Santa Barbara Workers Face Obstacles but Feds Add Funds

Dune Coffee | Credit: Chach Hernandez

As coronavirus steadily spreads throughout Santa Barbara County, service and retail workers have turned to California’s Employment Development Department (EDD) to file unemployment claims. This surge in applications has resulted in the department experiencing unprecedented strain and immense obstacles for those who have lost their jobs.

Last Tuesday, California Governor Gavin Newsom announced that 1.6 million Californians have filed unemployment claims through the EDD. In a tweet, Newsom warned that this number will continue to rise over the coming weeks.

Under normal circumstances, Californians who lose their job are eligible to apply to the Unemployment Insurance (UI) program, which pays weekly benefit amounts ranging from $40 dollars to $450 dollars. A person can only receive these benefits if they meet the EDD’s eligibility requirements, including total or partial unemployment despite physical ability and desire to work. Once a person files a UI claim, they must continue to demonstrate a need for benefits by meeting these requirements every week.

A recently approved $2.3 trillion dollar federal aid package known as the CARES Act, however, is boosting these benefits. It also made self-employed, part-time, and gig workers eligible for benefits. The act is set to add an extra $600 dollars to each the weekly benefits amount, pushing the highest possible weekly benefits amount to $1,050 dollars.

The act will also extend the time during which a person receives benefits. According to the EDD, this will “grant an additional 13 weeks of federally paid unemployment benefits when an unemployed worker runs out of all of the benefits associated with their regular state-administered unemployment chain.”

The unprecedented surge of applications associated with the outbreak of coronavirus has complicated the application process. The EDD closed its job centers and are asking people to apply online. And despite a major update to the website including a step-by-step chart for what to expect when filing a claim and a webpage devoted entirely to coronavirus-related resources, the digital application is difficult to maneuver.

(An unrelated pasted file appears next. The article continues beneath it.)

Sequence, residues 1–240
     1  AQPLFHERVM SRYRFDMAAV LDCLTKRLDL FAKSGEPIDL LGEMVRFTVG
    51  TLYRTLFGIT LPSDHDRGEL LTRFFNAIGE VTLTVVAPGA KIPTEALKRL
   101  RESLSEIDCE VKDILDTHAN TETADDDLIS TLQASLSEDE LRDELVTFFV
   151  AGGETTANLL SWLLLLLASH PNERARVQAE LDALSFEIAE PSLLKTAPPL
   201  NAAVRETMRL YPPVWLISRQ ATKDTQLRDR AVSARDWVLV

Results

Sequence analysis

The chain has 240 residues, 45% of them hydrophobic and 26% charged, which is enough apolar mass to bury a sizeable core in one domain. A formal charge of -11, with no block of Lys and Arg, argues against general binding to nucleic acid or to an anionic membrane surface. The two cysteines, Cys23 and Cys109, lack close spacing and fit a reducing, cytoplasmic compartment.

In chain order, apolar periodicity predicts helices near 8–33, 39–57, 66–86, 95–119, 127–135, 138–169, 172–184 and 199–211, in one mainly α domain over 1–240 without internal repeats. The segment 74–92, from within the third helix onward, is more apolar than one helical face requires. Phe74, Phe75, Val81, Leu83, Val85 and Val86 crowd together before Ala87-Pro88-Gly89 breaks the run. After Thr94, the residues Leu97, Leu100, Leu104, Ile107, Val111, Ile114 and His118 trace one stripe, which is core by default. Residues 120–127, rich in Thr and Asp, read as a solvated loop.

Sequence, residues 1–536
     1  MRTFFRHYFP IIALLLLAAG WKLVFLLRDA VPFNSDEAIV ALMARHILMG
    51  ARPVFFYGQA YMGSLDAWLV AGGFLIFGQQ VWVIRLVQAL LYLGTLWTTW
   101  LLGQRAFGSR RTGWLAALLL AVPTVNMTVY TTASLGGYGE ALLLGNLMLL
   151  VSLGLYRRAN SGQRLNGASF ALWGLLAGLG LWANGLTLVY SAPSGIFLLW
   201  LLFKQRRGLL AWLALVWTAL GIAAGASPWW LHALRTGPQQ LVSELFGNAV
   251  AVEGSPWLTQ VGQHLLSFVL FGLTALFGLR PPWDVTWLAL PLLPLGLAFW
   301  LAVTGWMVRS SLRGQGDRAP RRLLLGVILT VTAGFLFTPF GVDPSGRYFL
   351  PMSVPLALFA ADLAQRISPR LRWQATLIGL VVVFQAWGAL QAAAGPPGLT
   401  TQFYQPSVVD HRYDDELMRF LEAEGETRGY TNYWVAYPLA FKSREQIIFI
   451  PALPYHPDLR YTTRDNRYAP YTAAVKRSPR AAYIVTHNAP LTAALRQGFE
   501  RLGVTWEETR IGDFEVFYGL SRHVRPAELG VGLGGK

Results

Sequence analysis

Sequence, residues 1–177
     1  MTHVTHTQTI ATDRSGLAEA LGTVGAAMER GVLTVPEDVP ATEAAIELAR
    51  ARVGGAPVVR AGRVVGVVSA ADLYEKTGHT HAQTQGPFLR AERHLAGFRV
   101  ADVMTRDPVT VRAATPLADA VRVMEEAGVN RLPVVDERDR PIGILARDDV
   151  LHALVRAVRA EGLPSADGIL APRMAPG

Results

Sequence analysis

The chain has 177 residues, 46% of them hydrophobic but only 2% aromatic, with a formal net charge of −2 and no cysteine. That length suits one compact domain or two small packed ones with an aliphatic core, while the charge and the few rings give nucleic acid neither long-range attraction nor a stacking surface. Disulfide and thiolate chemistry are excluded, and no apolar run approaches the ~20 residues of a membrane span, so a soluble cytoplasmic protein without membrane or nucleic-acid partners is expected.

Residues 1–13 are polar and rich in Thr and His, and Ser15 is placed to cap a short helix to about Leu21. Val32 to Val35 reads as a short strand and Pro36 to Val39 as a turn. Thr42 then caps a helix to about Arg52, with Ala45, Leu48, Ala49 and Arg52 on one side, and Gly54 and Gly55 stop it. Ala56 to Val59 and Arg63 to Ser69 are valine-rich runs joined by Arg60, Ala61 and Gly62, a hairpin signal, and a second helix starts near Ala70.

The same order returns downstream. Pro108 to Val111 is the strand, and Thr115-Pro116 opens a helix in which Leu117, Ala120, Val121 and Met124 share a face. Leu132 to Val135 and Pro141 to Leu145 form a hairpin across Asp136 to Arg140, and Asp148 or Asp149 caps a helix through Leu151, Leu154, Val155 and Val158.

Furthermore, the department’s telephone line, only open Monday through Friday from 8 a.m. to noon, is jammed with incoming calls regarding the application process.

In Santa Barbara, workers have expressed frustration with these obstacles.

Student-worker Stella Baumstone explained struggling with the online application for over two hours after her employer, Dune Coffee Roasters, encouraged the non-working employees to pursue unemployment. [Full disclosure, the author worked there, too.]

“It took a couple tries because the website kept crashing. Whenever I moved to a new page, I had to refresh and go back because it had deleted everything I had done,” Baumstone said. “It took four tries,” she added.

Baumstone explained that she decided to apply for unemployment benefits to continue supporting herself as she finishes her last year at Santa Barbara City College. “For the time being,” she said, “I want to have a small side income, whether or not I chose to go back to Dune.”

While Baumstone is currently at her home in Humboldt County, she hopes to return to Santa Barbara in late May.

In the meantime, Dune Coffee Roasters co-owner Julia Mayer is keeping Baumstone and other employees updated on the status of the coffee shop’s Paycheck Protection Program (PPP) application.

The PPP, a component of the CARES Act, will forgive loans if a small business gets employees back onto payroll by the end of June.

“Our thought is that everyone would be returned to payroll, forego unemployment,” Mayer said in a company-wide announcement.

Mayer concluded the announcement on a hopeful note, reminding employees that the company is committed to the health and well-being of its workers. In late March, the coffee shop opened a free vegetable pantry for workers and offered contact information in case any questions or concerns should arise about the PPP and other unemployment-related issues.

“The world is unprecedented, and none of your lives exist outside this crazy global pandemic. It is exhausting and boring and scary, and then there will be better days, rose garden picnics, and nice coffee times together,” Mayer assured.

To apply for unemployment, visit

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